Audiodrome #18

With its blushless exploration of adult themes such as sado-masochism, eroticism, pain/pleasure thresholds, and its searing imagery of grisly body-modification and skinless resurrections, Hellraiser marked writer/director Clive Barker as an extraordinarily singular voice in horror. Based upon his novella The Hellbound Heart, it tells of individuals who seek the most extreme forms of self-gratifying pleasure before losing their lives (and souls) to a group of sinister, self-mutilating figures from another dimension. To say bloodshed ensues is a vast understatement.

While the film boasts a deliciously gothic score courtesy of Christopher Young, Barker had originally commissioned British industrial outfit Coil to score the film. The ‘bowel-churning’ soundscape they delivered wasn’t considered commercial enough by the studio, though the band later released it in various collections of their work.

Head over to Paracinema to read about the unused Hellraiser score and listen to a couple of tracks.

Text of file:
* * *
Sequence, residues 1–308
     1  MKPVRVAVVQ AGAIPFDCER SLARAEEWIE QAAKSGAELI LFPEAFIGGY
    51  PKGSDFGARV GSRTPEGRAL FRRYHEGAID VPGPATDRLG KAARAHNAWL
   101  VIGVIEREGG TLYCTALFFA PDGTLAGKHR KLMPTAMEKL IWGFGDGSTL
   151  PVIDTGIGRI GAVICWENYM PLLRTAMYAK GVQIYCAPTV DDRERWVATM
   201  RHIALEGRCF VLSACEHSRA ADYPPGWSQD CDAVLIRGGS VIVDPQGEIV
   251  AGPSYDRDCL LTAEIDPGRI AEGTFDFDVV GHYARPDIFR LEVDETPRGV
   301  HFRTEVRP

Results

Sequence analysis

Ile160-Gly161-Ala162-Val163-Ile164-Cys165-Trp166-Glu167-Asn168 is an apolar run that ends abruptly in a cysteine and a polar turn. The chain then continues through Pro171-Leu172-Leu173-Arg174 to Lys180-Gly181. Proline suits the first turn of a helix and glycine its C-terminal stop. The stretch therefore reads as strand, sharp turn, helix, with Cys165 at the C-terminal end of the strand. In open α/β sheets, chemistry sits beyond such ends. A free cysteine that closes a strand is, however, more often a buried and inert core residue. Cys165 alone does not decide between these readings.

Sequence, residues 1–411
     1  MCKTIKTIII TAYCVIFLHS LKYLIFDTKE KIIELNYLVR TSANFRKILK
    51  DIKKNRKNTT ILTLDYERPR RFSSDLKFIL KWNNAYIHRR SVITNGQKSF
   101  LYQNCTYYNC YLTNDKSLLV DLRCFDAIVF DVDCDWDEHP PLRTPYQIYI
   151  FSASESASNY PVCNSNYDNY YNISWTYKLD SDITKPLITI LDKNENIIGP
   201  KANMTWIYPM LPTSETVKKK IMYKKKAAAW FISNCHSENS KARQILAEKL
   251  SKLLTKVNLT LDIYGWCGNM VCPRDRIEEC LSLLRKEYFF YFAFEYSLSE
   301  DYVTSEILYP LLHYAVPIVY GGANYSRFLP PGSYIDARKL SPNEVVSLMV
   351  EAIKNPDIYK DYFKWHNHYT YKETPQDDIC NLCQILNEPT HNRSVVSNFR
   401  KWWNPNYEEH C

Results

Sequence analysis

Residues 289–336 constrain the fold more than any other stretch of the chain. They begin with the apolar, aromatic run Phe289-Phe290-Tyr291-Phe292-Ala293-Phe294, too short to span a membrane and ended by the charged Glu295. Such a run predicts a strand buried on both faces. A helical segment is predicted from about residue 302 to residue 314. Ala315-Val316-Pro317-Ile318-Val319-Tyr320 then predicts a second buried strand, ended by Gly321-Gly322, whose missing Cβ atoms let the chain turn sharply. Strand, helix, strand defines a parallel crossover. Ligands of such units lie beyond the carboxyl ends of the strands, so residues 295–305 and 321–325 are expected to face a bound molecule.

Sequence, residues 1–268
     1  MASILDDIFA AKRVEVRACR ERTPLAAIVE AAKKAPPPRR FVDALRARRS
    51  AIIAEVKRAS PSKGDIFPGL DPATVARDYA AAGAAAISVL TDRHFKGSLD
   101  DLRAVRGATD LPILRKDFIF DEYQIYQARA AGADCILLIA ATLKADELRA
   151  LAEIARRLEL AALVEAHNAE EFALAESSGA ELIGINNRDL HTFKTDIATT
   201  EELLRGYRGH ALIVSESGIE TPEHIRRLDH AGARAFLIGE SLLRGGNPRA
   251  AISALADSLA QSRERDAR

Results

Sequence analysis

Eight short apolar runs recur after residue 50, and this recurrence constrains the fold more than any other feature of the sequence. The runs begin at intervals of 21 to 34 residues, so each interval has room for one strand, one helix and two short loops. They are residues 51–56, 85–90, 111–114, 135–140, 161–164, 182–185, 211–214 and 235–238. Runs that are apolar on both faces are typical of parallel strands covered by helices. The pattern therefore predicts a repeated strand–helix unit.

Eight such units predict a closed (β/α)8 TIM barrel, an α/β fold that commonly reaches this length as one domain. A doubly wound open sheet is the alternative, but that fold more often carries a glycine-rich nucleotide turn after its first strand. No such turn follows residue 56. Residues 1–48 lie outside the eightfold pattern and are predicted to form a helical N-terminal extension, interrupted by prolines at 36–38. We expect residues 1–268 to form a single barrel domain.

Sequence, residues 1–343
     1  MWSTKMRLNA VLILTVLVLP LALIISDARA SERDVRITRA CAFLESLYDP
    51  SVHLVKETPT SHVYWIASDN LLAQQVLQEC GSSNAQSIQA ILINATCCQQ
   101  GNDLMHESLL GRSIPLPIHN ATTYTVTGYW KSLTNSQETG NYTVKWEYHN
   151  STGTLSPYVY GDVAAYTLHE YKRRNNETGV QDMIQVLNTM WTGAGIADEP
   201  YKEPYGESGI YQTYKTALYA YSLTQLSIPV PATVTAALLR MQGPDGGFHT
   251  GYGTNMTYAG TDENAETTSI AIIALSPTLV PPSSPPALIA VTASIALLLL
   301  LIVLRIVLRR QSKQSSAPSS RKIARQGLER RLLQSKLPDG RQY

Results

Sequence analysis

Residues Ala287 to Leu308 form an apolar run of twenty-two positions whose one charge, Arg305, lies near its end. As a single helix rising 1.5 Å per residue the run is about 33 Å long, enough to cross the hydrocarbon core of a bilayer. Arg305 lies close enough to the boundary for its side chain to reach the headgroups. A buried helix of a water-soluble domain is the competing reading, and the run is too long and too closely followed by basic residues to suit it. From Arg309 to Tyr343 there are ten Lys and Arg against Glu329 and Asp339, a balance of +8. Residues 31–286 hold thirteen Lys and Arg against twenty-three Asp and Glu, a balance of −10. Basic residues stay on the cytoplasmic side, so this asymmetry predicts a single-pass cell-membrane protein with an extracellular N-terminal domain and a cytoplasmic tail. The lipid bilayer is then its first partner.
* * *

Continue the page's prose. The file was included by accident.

While you’re there, why not pick up a copy of Paracinema Magazine issue 20. Inside you’ll find the likes of A Serbian Film: Transgressive Horror in the Internet Age by Thomas Duke; Eyes Wide Open: Finding the Key to Stanley Kubrick’s The Shining through Rodney Ascher’s Room 237 by Todd Garbarini; They Call Me Bruce: The History of Bruce Lee Exploitation Cinema by Will Sloan; Sam The Great And Powerful by Bryce Wilson, and much, much more.

If you’ve already pre-ordered a copy – apologies for the delay – as soon as it’s back from the printers, it’ll be winging its way to you, like Q the Winged Serpent in magazine form.


Rg Lovecraft said…
Christopher Young's soundtrack is definitely one of my favorite horror scores, however I still love Coil's. I'd love to watch Hellraiser with their soundtrack as opposed to Young's because I bet it'd be quite the experience. Thanks for the article on this not-so-well known horror fact!

James Gracey said…
Thanks for dropping by Rg. Young's score for Hellraiser is also one of my favourites; so gothic and moody. As soon as I heard Coil's unused score I also fell in love with it - it would be pretty interesting to see the film with this score, just to see if it altered the experience any.
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